There’s a lot to be said for good sleepy music. Because not every day is a Japandroids day, and nobody ever said spending the day indoors with coffee was a bad idea. 2012 was a banner year in this category – we had The xx’s sad sack nap adventure Coexist, Best Coast’s ode to Cali lethargy The Only Place, and El Ten Eleven’s glorious post-rock snoozer Transitions.
It’s only January 2013, but we might already have our tranquilizer dart of the year in Widowspeak’s glorious sophomore effort, Almanac. It’s an album with all sorts of great vibe – wispy and mysterious, ethereal and enchanting. Imagine, if you will, Beach House and Mazzy Star collaborating on a Legend of Zelda soundtrack; perhaps bringing in Edward Sharpe and the Magnetic Zeros to apply the finishing touches. Aaaaand you have Almanac, an album that finds the happy atmospheric medium between the beach, the desert, a West Virginia mountain pass, and a Medieval Times festival. Oh, and the apocalypse.
I specifically bring up Zelda because my favorite track on Almanac, “Thick as Thieves,” reminds me of “Song of Storms” from Ocarina of Time in all the right ways.
Almanac succeeds as a masterpiece of sleepy wistfulness for its ability to put you in a comfortable trance and keep you there, while never settling for the comfort of sonic boredom. It’s certainly varied enough to pique your interest from start to finish, although Almanac’s variance is hardly its strongest selling point: Thematically – both on a melodic and lyrical level – Almanac is eerie as crap.
And that’s a good thing, at least when eerie is the intent. And considering the apocalyptic subject matter of most of the songs here, I would say it’s a fair bet that’s the case. Molly Hamilton’s voice is a perfect complement to the reverb-happy instrumentation, and the combined product sounds like the ghosts of a thousand souls riding a forest breeze.
“Perennials” is as good of a tonesetter as you could ask for to kick off the album, and by the time Hamilton starts chanting “I’m afraid nothing lasts/nothing lasts long enough,” you should have a good idea of what you’re getting into. There’s enough Brand New in the lyrics to “The Dark Age” to make it one of the more cryptic songs on the album, but the theme it conveys of being stuck in the darkness and not really wanting to leave is universal enough to cut to any listener’s core.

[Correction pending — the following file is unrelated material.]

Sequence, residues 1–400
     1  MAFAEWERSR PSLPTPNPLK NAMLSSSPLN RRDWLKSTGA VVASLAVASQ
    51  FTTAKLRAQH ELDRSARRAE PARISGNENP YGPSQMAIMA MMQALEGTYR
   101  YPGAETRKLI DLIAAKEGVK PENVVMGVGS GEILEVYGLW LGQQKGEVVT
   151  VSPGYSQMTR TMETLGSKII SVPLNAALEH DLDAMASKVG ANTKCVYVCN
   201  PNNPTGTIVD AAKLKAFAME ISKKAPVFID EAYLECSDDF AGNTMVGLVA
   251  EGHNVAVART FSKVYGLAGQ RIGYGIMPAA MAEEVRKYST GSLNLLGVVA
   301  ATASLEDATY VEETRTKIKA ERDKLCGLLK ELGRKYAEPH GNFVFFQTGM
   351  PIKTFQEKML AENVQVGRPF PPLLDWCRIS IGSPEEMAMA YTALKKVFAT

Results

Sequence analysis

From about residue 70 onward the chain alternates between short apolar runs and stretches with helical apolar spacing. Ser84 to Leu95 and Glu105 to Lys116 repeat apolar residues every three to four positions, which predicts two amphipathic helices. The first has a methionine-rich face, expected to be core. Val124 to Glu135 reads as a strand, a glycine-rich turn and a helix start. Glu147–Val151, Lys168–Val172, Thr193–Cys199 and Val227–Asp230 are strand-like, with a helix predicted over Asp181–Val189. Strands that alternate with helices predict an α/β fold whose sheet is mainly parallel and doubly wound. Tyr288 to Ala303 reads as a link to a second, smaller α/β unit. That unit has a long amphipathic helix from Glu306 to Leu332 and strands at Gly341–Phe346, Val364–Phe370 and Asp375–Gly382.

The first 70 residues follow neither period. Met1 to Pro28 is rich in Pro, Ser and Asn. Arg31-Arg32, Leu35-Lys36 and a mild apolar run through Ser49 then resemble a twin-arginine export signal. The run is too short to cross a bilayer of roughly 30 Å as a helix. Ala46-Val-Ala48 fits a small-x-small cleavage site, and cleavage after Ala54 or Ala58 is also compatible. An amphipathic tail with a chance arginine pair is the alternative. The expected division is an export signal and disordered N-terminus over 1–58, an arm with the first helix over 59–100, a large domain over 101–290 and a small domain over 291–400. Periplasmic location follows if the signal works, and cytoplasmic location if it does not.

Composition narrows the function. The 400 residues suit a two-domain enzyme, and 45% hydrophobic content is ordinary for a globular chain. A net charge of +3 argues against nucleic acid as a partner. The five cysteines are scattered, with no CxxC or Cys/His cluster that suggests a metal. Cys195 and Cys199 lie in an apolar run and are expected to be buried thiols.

The aforementioned “Thick as Thieves” is, a few paragraphs later, still the best and creepiest track on the album. It’s essentially a narrative of packing up and switching lives, and the verse that begins “Saw the forest for the trees…” gets me every time.
By the time you hit “Ballad of the Golden Hour,” a surfy builder that evokes the bittersweet nostalgia of time marching on, you might have noticed that Widowspeak LOVES using idioms, another cryptic trait that adds to the mystery surrounding Almanac.
The second half of the album is no less excellent than the first, even if subtlety takes the reigns a little more. It’s capped by the brooding album closer “Storm King,” which leaves the listener feeling like an actual storm is actually coming. Probably bringing the end of the world with it.
– If you need more melatonin: (1) get out in the sun more, (2) buy supplements, or (3) listen to this album.
– The end is near, but at least it sounds pretty.
– If reverb is an ocean, we’re all sinking.
(2) Dyed in the Wool
(3) The Dark Age
(4) Thick as Thieves
(6) Ballad of the Golden Hour
(12) Storm King